Water-filled pores of nanometer dimensions play important roles in chemistry and biology, e.g., as channels through biological membranes. Biological nanopores are frequently gated, i.e., they switch between an open and a closed state. In several ion channel structures the gate is formed by a ring of hydrophobic side chains that do not physically occlude the pore. Here we investigate whether a hydrophobic pore can act as a gate via molecular dynamics simulations of the passage of water through atomistic models of nanopores embedded within a membrane mimetic. Both the geometry of a nanopore and the hydrophilicity vs hydrophobicity of its lining determine whether water enters the channel. For purely hydrophobic pores there is an abrupt transition from a closed state (no water in the pore cavity) to an open state (cavity water at approximately bulk density) once a critical pore radius is exceeded. This critical radius depends on the length of the pore and the radius of the mouth region. Furthermore, a closed hydrophobic nanopore can be opened by adding dipoles to its lining.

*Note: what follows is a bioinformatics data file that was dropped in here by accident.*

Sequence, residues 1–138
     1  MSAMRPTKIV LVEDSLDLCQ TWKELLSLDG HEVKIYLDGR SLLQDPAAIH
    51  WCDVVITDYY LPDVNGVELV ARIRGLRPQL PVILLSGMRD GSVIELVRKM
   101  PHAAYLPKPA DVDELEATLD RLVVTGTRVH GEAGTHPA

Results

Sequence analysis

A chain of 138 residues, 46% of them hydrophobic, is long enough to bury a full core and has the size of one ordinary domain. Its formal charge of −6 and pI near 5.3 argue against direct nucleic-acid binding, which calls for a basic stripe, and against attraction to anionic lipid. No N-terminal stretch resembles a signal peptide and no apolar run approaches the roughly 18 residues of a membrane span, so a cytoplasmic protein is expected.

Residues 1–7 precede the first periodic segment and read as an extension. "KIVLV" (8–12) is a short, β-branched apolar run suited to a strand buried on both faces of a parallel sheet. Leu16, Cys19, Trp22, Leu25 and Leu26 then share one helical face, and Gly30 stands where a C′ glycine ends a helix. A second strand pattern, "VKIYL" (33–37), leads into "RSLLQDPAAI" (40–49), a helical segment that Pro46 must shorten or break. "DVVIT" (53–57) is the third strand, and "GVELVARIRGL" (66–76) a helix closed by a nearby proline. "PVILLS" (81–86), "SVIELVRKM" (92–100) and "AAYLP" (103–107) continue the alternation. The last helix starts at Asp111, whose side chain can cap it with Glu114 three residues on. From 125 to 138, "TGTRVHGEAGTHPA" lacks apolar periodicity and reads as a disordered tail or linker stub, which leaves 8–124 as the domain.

ASJC Scopus subject areas
- Physical and Theoretical Chemistry
- Surfaces, Coatings and Films
- Materials Chemistry